Red hot pokers – the horticultural variety – are among the best deterrents to the herds of urban deer that now blight some gardens, experts have said.
Giving up on roses and tulips and swapping them for daphne, daffodils and other plants they seem to dislike, may also help to prevent the animals from eating the flower beds.
With sightings of deer in urban areas on the increase, the Royal Horticultural Society surveyed members to attempt to spot trends. Nearly 800 gardeners responded, with 2,000 records of the effects of hungry deer on popular garden plants.
The survey found roe deer were the most commonly sighted, in two-thirds of gardens, followed by Reeves’ muntjac and, some way behind, fallow deer.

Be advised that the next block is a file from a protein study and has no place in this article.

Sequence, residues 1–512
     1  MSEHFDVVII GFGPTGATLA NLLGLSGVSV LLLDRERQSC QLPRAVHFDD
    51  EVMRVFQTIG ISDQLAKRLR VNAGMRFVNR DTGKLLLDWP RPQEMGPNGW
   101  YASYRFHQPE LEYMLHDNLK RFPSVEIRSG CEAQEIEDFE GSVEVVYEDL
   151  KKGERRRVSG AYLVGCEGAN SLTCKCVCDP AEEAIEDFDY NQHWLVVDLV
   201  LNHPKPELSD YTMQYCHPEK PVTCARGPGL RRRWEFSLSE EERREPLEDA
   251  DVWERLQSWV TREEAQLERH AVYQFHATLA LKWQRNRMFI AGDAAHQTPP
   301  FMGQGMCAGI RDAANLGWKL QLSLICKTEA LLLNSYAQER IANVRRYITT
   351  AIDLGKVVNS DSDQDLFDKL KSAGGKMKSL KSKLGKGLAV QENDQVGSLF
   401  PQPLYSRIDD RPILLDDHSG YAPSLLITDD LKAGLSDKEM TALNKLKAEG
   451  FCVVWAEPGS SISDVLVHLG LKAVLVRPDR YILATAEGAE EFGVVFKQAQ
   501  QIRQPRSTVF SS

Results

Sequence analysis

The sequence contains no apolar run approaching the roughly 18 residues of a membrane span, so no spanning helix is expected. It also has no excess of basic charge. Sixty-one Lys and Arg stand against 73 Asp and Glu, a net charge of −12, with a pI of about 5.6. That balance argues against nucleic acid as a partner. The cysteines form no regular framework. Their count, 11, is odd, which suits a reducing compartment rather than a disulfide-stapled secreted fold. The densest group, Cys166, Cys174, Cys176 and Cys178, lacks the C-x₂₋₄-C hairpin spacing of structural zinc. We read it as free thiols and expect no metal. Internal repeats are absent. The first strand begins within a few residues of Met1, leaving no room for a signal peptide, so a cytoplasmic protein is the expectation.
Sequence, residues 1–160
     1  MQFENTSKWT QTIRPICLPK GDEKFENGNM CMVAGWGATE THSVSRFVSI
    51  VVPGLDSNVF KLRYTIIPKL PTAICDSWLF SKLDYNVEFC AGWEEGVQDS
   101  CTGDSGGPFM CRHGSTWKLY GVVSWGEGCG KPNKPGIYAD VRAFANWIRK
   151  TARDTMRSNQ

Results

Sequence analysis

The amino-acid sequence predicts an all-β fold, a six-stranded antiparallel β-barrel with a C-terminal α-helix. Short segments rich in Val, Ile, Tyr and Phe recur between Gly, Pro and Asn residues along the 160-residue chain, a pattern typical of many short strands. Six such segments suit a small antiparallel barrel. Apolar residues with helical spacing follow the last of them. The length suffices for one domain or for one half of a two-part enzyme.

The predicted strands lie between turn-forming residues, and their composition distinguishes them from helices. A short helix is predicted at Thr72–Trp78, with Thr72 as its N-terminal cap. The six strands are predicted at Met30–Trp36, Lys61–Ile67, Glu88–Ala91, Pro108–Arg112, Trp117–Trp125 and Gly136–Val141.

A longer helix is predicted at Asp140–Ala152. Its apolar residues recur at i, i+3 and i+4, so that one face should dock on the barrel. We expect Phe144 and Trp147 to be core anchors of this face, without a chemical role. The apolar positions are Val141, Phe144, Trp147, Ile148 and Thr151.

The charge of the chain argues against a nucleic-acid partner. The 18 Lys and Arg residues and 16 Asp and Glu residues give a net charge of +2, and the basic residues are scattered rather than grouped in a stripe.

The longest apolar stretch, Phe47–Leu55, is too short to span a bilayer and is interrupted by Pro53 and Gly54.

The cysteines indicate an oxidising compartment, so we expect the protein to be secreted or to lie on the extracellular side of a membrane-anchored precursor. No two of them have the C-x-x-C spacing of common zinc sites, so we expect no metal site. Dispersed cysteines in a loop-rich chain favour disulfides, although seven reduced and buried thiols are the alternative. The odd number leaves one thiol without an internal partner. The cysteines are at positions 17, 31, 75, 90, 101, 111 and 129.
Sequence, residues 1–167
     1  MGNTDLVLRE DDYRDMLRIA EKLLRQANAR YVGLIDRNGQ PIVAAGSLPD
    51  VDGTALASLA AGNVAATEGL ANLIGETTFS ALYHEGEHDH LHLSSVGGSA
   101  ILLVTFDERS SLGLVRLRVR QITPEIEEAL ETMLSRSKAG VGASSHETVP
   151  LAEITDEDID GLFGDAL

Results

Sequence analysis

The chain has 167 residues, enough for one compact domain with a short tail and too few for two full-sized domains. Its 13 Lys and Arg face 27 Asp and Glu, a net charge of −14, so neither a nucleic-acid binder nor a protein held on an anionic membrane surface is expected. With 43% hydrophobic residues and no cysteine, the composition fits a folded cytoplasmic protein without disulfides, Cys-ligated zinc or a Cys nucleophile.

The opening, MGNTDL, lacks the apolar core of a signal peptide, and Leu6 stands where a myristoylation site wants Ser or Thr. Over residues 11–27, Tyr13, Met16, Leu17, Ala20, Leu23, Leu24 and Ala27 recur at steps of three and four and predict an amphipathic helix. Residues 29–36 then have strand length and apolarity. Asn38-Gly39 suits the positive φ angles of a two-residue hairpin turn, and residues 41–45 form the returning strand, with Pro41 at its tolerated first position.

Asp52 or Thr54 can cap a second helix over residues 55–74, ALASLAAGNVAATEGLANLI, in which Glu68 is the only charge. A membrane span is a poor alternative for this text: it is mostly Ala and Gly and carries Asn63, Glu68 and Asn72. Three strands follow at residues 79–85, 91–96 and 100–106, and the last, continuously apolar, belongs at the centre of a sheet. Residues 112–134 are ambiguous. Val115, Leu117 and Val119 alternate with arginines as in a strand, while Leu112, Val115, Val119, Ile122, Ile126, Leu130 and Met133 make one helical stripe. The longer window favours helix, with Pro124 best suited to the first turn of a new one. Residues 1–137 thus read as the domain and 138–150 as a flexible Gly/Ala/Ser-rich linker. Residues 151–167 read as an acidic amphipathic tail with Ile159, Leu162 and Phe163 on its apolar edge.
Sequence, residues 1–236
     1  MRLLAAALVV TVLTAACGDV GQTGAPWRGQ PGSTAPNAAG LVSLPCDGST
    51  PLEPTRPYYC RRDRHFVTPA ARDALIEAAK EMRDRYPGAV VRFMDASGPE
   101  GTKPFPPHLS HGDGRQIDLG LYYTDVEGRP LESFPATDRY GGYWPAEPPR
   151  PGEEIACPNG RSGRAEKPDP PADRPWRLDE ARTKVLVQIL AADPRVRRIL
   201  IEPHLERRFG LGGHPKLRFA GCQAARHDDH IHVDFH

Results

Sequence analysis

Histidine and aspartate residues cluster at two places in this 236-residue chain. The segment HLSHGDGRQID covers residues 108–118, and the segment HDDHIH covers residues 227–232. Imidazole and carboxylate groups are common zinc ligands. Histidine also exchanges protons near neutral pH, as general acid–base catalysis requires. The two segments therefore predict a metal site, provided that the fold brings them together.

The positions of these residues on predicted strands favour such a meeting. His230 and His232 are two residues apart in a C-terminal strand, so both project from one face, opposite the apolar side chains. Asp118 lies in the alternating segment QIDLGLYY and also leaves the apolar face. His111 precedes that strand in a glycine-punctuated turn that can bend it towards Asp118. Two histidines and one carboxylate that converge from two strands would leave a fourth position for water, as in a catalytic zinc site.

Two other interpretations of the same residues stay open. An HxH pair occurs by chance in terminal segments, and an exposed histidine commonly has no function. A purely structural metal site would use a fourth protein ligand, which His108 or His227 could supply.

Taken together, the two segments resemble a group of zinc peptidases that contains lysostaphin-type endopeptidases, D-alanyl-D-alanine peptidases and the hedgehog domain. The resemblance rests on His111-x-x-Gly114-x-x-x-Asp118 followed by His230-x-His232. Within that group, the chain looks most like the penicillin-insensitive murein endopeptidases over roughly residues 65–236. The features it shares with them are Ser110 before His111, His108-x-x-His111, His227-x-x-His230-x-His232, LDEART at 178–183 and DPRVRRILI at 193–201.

Jenny Bowden, at the RHS, said: “Our findings suggest that deer have a taste for certain plants. While a little bit of damage won’t mean you’ll want to give up, if damage is sustained and bothersome, switching to plants shown to be less appealing might do the trick.
“You never know, you might also be inspired to grow something new.”
Daffodils are known to be mildly toxic, which could account for the deers’ dislike of them..